The Messiah is living amongst you

Matthew 22:44
“Therefore you also must be ready, for the Son of Man is coming at an hour you do not expect.” (ESV)

Today’s Thought
I heard a legend about a monastery in the forest. The monks prayed, fasted, and did acts of kindness.

But the Abbot who ran the monastery was worried. They were getting smaller in number and the building was starting to fall apart.

So he went to see his wise old friend to see if he had any advice about how the monastery could be saved.

“I just don’t know,” he said. But as the Abbot went to leave, the wise old man stopped him: “Oh, just one more thing. I forgot to tell you that the Messiah is living amongst you.”

“What?!” The Abbot was surprised. They were awaiting the return of the Messiah, of Jesus, and they assumed they would recognize him. But could this be true that he was already living amongst them?

The Abbot returned to the monastery and told the monks. They wondered who it could be. Could it be brother Peter? His faith was strong, but he sometimes lost his temper. It couldn’t be him. Or could it? Or maybe it was brother Anthony. He was very patient and kind, but his breath was bad. Surely it couldn’t be him! Or could it?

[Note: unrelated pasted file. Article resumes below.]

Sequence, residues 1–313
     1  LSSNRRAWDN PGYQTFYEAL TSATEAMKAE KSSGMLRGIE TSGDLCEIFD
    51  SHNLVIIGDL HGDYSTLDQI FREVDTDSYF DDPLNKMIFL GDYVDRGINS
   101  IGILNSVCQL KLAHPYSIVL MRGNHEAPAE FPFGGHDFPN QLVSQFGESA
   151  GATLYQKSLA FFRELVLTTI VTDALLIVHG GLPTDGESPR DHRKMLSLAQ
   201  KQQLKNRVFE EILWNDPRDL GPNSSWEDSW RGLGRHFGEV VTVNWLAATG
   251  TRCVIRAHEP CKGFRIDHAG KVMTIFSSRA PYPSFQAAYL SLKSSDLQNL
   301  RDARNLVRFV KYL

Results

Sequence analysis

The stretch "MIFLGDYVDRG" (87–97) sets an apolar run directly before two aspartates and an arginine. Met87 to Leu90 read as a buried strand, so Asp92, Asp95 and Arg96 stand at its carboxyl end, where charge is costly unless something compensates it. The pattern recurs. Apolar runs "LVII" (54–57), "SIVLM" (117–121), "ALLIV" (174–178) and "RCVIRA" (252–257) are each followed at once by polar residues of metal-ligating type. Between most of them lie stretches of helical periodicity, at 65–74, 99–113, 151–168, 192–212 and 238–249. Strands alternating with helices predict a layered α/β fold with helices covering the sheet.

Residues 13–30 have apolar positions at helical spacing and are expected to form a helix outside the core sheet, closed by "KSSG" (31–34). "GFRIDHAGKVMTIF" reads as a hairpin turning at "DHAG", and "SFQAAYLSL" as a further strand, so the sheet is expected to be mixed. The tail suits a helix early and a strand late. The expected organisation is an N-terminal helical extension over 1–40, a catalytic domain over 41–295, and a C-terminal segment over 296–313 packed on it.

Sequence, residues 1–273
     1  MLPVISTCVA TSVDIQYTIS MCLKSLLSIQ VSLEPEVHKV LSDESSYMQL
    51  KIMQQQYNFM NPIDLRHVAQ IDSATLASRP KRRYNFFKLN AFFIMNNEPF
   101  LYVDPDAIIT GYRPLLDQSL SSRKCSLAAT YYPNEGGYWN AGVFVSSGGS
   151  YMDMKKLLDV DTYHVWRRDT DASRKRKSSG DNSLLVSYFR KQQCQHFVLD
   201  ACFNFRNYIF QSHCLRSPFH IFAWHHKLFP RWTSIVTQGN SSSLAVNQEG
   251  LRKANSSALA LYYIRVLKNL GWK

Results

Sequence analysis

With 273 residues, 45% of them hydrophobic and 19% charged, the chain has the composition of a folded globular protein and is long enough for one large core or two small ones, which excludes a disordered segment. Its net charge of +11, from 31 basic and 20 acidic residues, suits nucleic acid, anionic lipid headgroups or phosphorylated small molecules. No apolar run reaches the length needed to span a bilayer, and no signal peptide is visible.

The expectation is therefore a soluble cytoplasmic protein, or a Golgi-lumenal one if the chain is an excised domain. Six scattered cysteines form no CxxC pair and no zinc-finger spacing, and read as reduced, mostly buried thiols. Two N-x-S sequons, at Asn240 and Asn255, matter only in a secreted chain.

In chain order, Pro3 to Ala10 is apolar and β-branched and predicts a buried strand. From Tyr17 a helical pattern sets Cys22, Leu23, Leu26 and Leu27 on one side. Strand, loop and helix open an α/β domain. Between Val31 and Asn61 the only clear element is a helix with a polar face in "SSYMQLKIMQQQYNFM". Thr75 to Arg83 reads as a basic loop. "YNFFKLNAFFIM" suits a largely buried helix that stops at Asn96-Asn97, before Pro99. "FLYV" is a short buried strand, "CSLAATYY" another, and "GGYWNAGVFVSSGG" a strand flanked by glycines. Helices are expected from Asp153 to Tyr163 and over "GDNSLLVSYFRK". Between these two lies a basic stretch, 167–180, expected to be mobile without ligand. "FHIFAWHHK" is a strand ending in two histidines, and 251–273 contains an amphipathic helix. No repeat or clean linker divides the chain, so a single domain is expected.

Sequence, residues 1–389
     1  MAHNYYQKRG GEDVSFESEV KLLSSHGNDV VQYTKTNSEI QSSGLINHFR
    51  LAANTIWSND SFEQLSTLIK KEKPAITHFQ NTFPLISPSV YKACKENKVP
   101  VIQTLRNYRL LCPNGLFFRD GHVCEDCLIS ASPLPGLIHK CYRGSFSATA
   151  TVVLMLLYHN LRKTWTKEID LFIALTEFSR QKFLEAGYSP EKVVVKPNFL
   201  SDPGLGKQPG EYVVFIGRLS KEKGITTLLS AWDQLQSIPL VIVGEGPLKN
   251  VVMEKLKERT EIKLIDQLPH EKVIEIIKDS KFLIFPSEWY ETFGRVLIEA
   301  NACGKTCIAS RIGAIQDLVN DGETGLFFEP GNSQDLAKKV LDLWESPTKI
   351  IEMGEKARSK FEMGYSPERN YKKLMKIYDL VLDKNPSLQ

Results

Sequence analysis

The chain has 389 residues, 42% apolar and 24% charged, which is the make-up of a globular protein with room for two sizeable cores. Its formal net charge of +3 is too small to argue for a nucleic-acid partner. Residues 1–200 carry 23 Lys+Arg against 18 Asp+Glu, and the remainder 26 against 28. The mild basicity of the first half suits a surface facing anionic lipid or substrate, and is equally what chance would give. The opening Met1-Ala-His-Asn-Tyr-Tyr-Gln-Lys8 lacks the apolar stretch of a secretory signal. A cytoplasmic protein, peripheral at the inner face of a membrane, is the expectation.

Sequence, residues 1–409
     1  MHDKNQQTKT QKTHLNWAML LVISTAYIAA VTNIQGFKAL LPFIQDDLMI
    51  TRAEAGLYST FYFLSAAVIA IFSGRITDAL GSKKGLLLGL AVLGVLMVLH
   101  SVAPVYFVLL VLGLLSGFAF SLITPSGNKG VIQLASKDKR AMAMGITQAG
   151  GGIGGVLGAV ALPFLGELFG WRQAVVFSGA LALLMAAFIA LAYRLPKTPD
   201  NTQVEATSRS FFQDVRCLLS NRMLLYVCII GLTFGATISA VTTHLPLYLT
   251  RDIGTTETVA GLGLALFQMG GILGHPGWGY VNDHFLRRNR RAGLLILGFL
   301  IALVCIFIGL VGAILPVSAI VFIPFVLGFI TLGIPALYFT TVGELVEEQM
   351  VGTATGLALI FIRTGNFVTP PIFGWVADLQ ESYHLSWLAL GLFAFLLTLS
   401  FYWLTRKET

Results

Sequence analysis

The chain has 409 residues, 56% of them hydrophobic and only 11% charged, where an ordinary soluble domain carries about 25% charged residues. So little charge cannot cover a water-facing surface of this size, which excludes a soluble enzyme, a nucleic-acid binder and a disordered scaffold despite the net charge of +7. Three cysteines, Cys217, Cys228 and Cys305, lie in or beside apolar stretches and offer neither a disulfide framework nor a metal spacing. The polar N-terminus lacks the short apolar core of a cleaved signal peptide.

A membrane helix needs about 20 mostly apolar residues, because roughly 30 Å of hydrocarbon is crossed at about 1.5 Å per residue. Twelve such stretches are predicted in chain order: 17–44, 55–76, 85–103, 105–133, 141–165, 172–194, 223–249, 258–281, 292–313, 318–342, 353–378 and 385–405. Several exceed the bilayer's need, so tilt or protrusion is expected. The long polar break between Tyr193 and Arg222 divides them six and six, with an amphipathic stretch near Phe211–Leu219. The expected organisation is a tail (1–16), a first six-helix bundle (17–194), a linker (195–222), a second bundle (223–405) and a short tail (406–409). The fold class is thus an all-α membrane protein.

Because they didn’t know who it was, the monks started treating each other with profound respect. Their words were full of humble and God-honouring truth. And their actions were full of love and self-sacrifice.

After all, any one of them could be the Messiah. And they all wanted to treat the Messiah well.

As always, tourists and visitors came to see the monastery. As they did, they noticed how things had changed—how they treated each other with great respect, with such truth and love.

It was so compelling that 3 of the young visitors wanted to stay. The next year that number doubled. Soon, the monastery was vibrant and thriving again.

The wise old man had told the Abbot that the Messiah was living amongst them. Perhaps the Abbot misunderstood his friend’s meaning…

But it was nevertheless true.

By Matthew Ruttan

  • A version of this legend appears in the prologue to The Different Drum by Scott Peck

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